Jerome Miron-USA TODAY Sports

Rangers GM Jon Daniels cast doubt on the idea of the team making any marquee additions in comments yesterday to the media, including MLB.com’s TR Sullivan. Daniels called it “unlikely” that the club would end up with a top starter, though he said he also wouldn’t “close the door” on a market that includes former ace Yu Darvish. More likely, it seems, would be a depth addition of some kind, though Daniels also emphasized that the organization is not close to any new deals. Broadly, the organization remains steadfast in its “realistic” assessment of its abilities and needs. While the anticipated roster mix is likely “to create some challenges,” says Daniels, that doesn’t mean it will vary from its strategy entering the winter. The Rangers, he says, were “not going to go all-in, spending big dollars this year, nor were we going to be looking to trade all of our young players.”

More from the American League:

  • The Angels received some promising news on righty J.C. Ramirez, GM Billy Eppler tells Jeff Fletcher of the Orange County Register (via Twitter). Ramirez is continuing to show healing in his right elbow, where he suffered a season-ending partial UCL tear. Stem cell treatment has been promising to this point, giving the team some renewed confidence that it will receive a contribution again from Ramirez, who agreed to a $1.9MM arbitration salary after turning in 147 1/3 innings of 4.15 ERA ball in 2017.
  • As the Red Sox prepare for an arbitration show-down with star outfielder Mookie Betts, Michael Silverman of the Boston Herald argues the team never should have put itself in this position. The sides have a $3MM gap at present ($10.5MM vs. $7.5MM) and indications are they’ll resolve it in a hearing, meaning the Sox will be put in the position of presenting Betts in a less-than-positive light before an arb panel. With a prior disagreement over his 2017 pre-arb salary, the financial relationship between the sides isn’t exactly off to the most promising start.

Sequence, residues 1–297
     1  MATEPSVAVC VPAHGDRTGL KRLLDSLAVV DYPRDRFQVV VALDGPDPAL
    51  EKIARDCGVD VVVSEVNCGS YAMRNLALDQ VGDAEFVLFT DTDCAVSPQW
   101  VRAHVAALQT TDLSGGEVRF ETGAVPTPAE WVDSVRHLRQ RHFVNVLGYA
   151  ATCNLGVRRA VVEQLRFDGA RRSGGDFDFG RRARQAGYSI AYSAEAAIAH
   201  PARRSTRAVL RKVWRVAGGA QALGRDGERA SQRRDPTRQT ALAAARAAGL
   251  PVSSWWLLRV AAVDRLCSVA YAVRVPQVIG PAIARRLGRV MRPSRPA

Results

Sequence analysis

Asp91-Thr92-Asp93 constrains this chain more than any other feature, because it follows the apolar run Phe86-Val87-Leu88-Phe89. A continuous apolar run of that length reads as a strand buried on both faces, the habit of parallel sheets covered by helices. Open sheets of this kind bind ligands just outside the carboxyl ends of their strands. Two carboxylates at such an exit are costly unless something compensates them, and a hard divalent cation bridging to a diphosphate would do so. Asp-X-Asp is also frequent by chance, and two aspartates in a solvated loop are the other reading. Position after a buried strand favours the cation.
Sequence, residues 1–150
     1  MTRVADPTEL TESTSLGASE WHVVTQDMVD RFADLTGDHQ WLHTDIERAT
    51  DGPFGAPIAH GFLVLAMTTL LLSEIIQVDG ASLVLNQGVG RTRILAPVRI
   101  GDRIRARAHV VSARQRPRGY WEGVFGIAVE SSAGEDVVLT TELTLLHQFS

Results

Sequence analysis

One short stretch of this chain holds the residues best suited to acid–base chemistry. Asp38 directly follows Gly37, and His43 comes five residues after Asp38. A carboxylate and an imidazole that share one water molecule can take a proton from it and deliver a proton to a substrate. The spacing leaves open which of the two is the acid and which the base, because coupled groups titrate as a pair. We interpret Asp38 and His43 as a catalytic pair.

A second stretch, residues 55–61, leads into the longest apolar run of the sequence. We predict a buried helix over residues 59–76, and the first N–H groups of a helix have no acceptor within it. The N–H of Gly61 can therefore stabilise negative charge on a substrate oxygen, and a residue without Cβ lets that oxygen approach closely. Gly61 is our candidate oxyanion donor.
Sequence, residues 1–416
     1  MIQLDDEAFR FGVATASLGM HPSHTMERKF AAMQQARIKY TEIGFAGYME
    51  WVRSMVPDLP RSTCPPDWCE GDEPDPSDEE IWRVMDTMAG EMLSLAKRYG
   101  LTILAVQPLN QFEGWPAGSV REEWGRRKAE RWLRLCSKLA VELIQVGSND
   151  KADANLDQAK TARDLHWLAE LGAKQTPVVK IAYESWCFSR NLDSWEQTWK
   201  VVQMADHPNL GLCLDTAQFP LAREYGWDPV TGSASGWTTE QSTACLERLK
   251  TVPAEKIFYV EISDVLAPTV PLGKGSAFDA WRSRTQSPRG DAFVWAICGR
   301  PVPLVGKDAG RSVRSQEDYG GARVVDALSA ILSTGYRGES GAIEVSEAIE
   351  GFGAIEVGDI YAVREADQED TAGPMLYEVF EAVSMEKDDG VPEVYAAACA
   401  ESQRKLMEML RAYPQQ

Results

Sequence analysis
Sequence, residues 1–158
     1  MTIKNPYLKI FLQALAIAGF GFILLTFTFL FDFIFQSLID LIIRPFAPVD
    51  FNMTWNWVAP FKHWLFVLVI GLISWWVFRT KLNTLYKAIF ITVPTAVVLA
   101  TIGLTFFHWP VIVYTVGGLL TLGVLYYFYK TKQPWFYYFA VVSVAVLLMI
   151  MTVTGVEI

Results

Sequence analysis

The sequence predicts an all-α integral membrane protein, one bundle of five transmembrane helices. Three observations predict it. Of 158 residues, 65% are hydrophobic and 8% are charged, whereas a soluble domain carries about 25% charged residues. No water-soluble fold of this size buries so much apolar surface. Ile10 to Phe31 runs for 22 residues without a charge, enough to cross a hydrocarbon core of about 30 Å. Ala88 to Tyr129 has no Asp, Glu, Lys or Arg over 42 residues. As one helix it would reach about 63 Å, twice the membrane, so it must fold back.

• Speaking of arbitration, the Orioles will evidently not commit to going to trial over their remaining cases, per Roch Kubatko of MASNsports.com. Rather the club is still willing to engage in negotiations with both infielder Jonathan Schoop ($9MM filing versus $7.5MM counter) and righty Kevin Gausman ($6.225MM filing versus $5.3MM counter). Whether that’ll mean avoiding a hearing isn’t yet known, but the seeming strategic shift will at least leave remaining room for talks on a few players of quite a bit of importance to the organization’s future.
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This article first appeared on MLB Trade Rumors and was syndicated with permission.

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